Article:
22. 22. 9: CAM COSTS wise, the tenant may refuse to pay you, claiming that before the payout agreement was signed, you overbilled it for CAM expenses. Set repayment schedule. Say how much the tenant must pay you each month to pay off the money it owes. Specify the payment dates and the balance due after each payment is made [Agr., par. b]. This leaves no room for argument about how much the payments are, when they’re due, or the amount of the tenant’s debt at any point during the repayment schedule. Require tenant to continue to pay rent. Be sure to say that the payments under the payout agreement do not affect the tenant’s obligation to continue making regular monthly payments of rent, CAM, and other amounts due under the lease, says Ripp [Agr., par. c]. Give yourself the right to accelerate debt for missed payment. To protect yourself in case the tenant misses a scheduled payment under the payout agreement or a rent or CAM payment under the 196 lease, make sure you have the right to accelerate the debt—that is, make all the outstanding payments become due immediately [Agr., par. d]. The tenant should not be entitled to benefit from the payout agreement if it does not fulfill its end of the agreement or lease by making payments promptly. Give yourself the right to apply payments to current charges first. Say that any payment the tenant makes will apply first to the tenant’s current charges due under the lease, such as rent or CAM, and then to the amount it owes under the payout agreement [Agr., par. e]. Reserve your right to sue. Reserve the right to sue the tenant for past and future lease defaults, including its failure to pay the CAM charges it owes. [Agr., par. f]. This will prevent a tenant that violates the payout agreement from arguing that by entering into the agreement, you waived your right under the lease to sue it for eviction for not making the required payments. COMPLETE GUIDE TO SHOPPING CENTER MANAGEMENT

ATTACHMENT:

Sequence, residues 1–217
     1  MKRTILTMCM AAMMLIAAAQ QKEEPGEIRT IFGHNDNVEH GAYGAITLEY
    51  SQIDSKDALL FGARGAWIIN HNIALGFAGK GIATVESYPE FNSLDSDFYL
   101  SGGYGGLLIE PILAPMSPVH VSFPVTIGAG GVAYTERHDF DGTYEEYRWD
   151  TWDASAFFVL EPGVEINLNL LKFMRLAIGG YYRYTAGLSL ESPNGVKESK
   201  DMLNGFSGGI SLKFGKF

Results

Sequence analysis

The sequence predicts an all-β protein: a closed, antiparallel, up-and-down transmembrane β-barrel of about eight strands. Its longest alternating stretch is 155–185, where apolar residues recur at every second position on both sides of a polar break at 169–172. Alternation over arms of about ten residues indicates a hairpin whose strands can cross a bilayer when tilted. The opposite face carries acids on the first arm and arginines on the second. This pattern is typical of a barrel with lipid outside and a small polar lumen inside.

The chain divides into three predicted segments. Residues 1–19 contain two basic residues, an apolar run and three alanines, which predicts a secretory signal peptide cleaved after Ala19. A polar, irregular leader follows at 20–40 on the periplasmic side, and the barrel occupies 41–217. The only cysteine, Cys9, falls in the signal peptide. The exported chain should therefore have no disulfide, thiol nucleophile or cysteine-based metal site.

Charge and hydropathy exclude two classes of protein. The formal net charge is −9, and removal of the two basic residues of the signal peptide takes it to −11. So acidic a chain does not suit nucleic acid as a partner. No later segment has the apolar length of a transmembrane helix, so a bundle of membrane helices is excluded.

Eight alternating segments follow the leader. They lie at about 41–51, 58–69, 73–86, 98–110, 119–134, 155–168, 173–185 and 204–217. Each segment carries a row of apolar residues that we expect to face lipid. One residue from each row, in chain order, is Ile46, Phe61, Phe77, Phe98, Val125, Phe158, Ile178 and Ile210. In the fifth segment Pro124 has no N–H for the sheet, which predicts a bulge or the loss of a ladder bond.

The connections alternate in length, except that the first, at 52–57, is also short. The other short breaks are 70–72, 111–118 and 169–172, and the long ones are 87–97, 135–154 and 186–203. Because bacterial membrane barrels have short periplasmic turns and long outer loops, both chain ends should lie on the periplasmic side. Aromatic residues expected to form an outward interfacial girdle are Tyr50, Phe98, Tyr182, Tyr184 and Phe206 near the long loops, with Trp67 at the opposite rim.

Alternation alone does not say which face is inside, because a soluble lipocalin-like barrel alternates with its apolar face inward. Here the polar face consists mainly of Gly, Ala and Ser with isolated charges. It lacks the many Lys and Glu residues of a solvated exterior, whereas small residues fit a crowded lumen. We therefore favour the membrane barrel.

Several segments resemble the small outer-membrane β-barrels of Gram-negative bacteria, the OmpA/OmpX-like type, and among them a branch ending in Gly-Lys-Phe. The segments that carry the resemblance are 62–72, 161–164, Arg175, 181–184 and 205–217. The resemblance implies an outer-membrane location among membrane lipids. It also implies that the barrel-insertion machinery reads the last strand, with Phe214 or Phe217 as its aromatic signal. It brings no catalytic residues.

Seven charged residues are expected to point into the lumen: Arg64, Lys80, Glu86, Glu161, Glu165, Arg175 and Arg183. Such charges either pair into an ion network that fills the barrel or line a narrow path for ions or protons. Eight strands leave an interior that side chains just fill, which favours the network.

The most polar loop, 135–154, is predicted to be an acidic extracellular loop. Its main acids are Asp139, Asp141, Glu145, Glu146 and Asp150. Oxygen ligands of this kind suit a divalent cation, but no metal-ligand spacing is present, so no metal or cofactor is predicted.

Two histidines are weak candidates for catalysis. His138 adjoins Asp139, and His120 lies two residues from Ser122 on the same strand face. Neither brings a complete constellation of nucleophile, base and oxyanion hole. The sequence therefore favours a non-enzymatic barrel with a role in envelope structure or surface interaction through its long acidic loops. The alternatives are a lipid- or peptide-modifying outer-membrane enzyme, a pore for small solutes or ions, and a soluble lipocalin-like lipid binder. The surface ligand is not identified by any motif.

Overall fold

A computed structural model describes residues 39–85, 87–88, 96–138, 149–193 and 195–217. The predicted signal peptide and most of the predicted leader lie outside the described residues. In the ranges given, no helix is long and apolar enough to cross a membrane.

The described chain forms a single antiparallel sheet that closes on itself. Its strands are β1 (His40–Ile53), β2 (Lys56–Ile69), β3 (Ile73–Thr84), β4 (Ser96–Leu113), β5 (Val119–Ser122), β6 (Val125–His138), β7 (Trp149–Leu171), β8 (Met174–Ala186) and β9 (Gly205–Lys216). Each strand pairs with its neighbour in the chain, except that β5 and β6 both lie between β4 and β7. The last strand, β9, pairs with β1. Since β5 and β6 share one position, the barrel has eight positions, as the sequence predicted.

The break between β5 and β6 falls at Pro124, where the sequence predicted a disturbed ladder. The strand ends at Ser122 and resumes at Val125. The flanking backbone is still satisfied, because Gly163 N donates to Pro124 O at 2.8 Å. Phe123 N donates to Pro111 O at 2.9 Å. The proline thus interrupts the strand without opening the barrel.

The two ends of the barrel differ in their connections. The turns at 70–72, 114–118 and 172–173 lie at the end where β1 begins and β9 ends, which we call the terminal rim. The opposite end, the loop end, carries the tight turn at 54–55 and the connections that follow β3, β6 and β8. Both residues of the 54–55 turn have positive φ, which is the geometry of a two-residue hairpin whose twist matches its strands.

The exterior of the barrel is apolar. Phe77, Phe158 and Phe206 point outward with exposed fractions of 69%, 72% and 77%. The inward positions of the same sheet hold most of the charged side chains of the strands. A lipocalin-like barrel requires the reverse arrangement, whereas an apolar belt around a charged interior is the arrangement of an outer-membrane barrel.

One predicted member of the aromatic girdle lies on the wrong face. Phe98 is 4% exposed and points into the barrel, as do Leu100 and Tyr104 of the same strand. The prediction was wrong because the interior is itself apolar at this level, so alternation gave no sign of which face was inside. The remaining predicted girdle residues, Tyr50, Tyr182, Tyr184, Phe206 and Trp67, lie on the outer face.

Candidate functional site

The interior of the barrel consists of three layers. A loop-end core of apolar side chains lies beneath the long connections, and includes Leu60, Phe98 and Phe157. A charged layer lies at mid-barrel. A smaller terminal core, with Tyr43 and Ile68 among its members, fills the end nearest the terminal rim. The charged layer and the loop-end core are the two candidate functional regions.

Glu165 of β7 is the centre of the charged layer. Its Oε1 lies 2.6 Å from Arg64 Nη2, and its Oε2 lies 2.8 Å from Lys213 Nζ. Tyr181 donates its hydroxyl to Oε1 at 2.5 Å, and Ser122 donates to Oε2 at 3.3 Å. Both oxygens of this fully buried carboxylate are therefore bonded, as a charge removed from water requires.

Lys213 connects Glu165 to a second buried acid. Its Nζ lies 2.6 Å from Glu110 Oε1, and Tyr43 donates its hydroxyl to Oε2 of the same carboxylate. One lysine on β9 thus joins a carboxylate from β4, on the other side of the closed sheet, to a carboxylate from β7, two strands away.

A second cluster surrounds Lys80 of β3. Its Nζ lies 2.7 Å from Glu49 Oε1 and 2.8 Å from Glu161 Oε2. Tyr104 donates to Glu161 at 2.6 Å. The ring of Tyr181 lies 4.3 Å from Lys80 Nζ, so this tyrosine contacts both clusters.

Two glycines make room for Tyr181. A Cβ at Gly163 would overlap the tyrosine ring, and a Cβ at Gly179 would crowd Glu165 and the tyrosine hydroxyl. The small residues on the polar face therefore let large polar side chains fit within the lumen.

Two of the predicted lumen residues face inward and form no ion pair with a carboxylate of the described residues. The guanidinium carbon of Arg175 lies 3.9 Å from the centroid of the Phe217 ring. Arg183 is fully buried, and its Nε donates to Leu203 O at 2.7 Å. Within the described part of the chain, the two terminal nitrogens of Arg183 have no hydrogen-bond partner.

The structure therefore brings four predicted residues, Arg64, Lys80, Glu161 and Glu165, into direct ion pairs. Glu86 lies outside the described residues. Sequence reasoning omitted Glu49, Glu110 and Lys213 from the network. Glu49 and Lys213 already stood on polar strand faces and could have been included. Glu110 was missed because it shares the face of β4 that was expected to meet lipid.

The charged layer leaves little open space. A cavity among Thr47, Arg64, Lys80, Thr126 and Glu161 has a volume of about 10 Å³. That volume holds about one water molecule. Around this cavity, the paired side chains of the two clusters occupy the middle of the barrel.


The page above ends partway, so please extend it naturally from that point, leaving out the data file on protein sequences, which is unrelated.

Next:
23. 23. 9: CAM COSTS Avoid Payment Disputes with Major Tenants over Unbudgeted CAM Costs/Operating Expenses A t the beginning of every year, you present a projected CAM cost or operating expense budget to your tenants, and if you’ve done your homework, there shouldn’t be any unexpected costs during the year. But every once in a while—despite the best planning—you may unfortunately need to incur a large CAM cost or operating expense that wasn’t part of the projected budget. Typically, such unbudgeted costs are for unexpected repairs. And this cost won’t be covered by your tenants’ monthly or quarterly CAM cost or operating expense payments—which may lead to problems with your center’s anchor tenants or your office building’s major tenants. Unlike less powerful tenants’ leases, an anchor’s or major tenant’s lease often requires you to get its consent to an unbudgeted CAM cost or operating expense that exceeds a certain amount before it will agree to pay its share of that cost. Thus, if you don’t get the anchor’s or major tenant’s consent, you may be unable to collect its share of that sizable cost. To make sure you can collect your anchors’ or major tenants’ share of any unbudgeted CAM cost or operating expense, get their written consent before you incur that cost, advises Washington commercial property executive Richard F. Muhlebach. We’ll tell you what steps you should take to get consent from an anchor or a major tenant. We’ll also give you a Model Consent that you can adapt and use. And we’ll tell you what your options are if an anchor or a major tenant refuses to consent. Step #1: Solicit, Select Bids Before you discuss the unbudgeted CAM cost or operating expense with an anchor or a major tenant, solicit bids for the necessary work, evaluate those bids, and select the best one, suggests Muhlebach. Don’t involve the anchor or major tenant in this process, as it’s not appropriate and the anchor or major tenant may have its own idea of which bidder should get the job, he warns. For example, the anchor or major tenant may want to use a contractor whose bids are always very low but whose work is below your building’s or center’s standards, he explains. Step #2: Discuss CAM Cost/Operating Expense with Anchor/Major Tenant After you have selected a bid, discuss the unbudgeted CAM cost or operating expense with your anchor or major tenant, says Muhlebach. Explain why the repair or improvement is needed and must be done immediately, he suggests. And tell the anchor or major tenant what the cost will be for the repair or improvement, he says. You may also want to explain the bid solicitation process and why you selected the contractor that you chose, he adds. ✦ PRACTICAL POINTER: In rare instances at shopping centers, you may also need to get consent from some national, inline tenants to an unbudgeted CAM cost that exceeds a certain amount. Check those tenants’ leases, and if you need their consent, follow the same steps as for anchor tenants. Step #3: Get Anchor/Major Tenant to Sign Written Consent You may be tempted to simply rely on the anchor’s or major tenant’s oral consent, but that would be a mistake, Muhlebach warns. The anchor or major tenant may forget that it gave you its consent. Or it may claim that it consented to pay its share of the cost of a different kind of repair—or that you gave it a false rationale for the work when you asked for its consent, he says. Thus, if the anchor or major tenant consents to the unbudgeted CAM cost or operating expense, send it a written consent to sign and return to you, he advises. Then if the anchor or major tenant makes such claims, you can produce a signed consent that refutes those claims. Your consent, like our Model Consent (which is in the form of a letter to the anchor), should: ■ Remind the anchor or major tenant of your conversation about the needed repair or improvement, explaining it again in detail and the consequences if the work isn’t done. For example, if the parking lot needs repaving, note that failing to repave could cause accidents or will become a bigger, more expensive job if not done now; ■ Specify the section of the anchor’s or major tenant’s lease that requires you to seek its consent; COMPLETE GUIDE TO SHOPPING CENTER MANAGEMENT 197